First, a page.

PEI

2 new seniors' homes to be built in Montague, Tyne Valley

Two new long-term care facilities for P.E.I. seniors will be built next year in Montague and Tyne Valley, the premier announced Thursday.

Construction on facilities expected to begin next year

Trilby Jeeves, whose father lives in Riverview Manor in Montague, is happy to hear the province is going to build two new seniors' homes. 1:59

Two new long-term care facilities for P.E.I. seniors will be built next year in Montague and Tyne Valley, the premier announced Thursday.

At a news conference, Premier Wade MacLauchlan said the new 49-bed Riverview Manor in Montague would be built on the site of the old Montague High School.

The 24-bed Tyne Valley Manor will be constructed on the south side of Bideford Road

Like other new seniors' facilities, they will be built household-style, with a small number of seniors sharing communal space, but each individual would have their own bedroom.

To have a fresh new building, I think will be good for everybody's morale.- Trilby Jeeves

"It means a small living room where maybe you can watch the hockey game with your family and friends, just like we all do at home," said Kathy King, Riverview's manager.

"Maybe it means when your family or friends come visit, you can go get them a cup of tea and cookie."

Mayor Richard Collins has been pushing for the new manor for years.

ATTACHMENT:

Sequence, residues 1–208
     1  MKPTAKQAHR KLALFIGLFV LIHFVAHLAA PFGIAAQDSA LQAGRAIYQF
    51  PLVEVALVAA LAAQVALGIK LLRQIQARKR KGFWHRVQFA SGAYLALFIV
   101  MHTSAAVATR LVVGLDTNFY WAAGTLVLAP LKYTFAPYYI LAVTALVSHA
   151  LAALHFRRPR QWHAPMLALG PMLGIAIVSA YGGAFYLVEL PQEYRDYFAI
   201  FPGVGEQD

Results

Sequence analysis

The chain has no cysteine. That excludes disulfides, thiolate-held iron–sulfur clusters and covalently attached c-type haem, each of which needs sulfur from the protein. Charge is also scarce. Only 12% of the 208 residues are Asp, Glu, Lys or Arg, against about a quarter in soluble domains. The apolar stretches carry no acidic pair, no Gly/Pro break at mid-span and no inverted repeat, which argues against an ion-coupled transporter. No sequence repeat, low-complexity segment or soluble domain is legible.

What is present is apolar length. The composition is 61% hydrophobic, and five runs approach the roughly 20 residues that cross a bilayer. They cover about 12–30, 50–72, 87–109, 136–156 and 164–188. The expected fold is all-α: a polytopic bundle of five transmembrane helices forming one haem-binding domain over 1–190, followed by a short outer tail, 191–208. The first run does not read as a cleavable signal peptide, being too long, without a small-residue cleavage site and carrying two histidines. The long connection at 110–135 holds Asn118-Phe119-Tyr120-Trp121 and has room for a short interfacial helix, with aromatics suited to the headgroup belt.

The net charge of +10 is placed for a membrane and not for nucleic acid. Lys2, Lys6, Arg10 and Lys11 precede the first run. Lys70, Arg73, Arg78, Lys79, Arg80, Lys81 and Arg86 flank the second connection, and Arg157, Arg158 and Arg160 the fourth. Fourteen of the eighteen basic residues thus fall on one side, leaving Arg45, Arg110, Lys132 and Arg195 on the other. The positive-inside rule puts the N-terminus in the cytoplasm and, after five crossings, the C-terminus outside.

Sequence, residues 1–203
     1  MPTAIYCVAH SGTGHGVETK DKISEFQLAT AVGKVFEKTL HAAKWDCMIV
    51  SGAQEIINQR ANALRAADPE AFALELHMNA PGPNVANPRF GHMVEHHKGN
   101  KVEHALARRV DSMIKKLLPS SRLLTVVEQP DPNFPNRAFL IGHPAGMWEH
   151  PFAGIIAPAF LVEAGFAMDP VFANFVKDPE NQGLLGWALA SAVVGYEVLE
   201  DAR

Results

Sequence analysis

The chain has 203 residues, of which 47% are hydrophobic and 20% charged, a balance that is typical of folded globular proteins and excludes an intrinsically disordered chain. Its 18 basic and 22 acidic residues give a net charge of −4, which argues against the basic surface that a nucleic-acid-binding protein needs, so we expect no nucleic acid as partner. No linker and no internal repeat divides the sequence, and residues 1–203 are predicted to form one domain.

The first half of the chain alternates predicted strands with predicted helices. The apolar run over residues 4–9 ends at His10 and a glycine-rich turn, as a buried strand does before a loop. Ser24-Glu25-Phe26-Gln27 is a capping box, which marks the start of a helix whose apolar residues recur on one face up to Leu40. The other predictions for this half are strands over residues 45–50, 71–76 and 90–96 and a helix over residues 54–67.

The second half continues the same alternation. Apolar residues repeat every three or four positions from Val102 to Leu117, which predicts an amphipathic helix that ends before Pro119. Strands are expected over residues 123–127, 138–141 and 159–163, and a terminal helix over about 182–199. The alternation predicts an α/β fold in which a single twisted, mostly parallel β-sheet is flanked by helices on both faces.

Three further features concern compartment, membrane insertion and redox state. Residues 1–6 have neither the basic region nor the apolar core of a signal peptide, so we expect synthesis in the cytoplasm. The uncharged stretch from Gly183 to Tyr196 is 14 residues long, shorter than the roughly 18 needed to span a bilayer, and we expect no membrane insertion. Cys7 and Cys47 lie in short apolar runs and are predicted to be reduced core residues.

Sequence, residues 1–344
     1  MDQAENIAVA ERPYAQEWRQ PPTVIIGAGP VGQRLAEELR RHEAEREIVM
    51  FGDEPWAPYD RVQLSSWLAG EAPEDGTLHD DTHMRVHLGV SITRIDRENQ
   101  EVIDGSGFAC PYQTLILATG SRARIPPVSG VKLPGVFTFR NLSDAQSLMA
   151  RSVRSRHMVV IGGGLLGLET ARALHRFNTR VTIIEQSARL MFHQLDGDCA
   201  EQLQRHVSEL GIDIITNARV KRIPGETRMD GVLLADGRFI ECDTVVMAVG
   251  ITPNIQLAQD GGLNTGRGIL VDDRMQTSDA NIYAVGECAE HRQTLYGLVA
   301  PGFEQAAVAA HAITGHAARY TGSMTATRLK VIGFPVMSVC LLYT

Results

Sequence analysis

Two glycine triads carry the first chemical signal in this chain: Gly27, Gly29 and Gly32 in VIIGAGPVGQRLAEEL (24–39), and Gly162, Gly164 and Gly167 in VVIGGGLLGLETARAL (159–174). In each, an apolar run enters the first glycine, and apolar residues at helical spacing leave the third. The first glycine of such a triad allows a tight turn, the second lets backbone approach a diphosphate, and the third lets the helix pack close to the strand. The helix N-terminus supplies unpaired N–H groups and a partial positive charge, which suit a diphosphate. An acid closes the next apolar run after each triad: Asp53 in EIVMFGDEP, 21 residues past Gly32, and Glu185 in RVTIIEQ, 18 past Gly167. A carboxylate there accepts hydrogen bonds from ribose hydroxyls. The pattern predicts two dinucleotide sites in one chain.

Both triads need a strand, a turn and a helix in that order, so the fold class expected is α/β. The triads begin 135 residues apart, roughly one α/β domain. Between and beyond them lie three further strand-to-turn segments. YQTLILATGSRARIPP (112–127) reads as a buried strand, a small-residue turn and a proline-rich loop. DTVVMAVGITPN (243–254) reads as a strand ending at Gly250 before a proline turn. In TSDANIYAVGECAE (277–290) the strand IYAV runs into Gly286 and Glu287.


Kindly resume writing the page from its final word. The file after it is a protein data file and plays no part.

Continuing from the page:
"Well if I have to go there someday that's the way I'd like to have it, just like I was remaining at home, only you're at a big building with lots of friends around you, but you have your own privacy," said Collins.

Money has been set aside for both projects since 2013.

"The plans are well advanced," said MacLauchlan.

Worn-down building

For Trilby Jeeves, whose father lives at Riverview, the news the manor will be replaced with a new facility comes as a welcome relief.

Riverview Manor in Montague is not very wheelchair friendly.
"It's been there for a long time and to have a fresh new building, I think will be good for everybody's morale," said Jeeves.

Jeeves has been tweeting at P.E.I.'s politicians, lobbying for some sort of action.

She says the building is worn down, and not very wheelchair friendly.

"I don't know if my tweeting helped but it felt good to just put it out there and to hear the news today is fantastic."

Jeeves says her dad has been looking forward to the new facility since it was first announced years ago and he was pleased about the announcement.

"It was nice to see him smile and I hope that will inspire him to keep going."

Construction on the new manors will begin next year.

Comments

To encourage thoughtful and respectful conversations, first and last names will appear with each submission to CBC/Radio-Canada's online communities (except in children and youth-oriented communities). Pseudonyms will no longer be permitted.

By submitting a comment, you accept that CBC has the right to reproduce and publish that comment in whole or in part, in any manner CBC chooses. Please note that CBC does not endorse the opinions expressed in comments. Comments on this story are moderated according to our Submission Guidelines. Comments are welcome while open. We reserve the right to close comments at any time.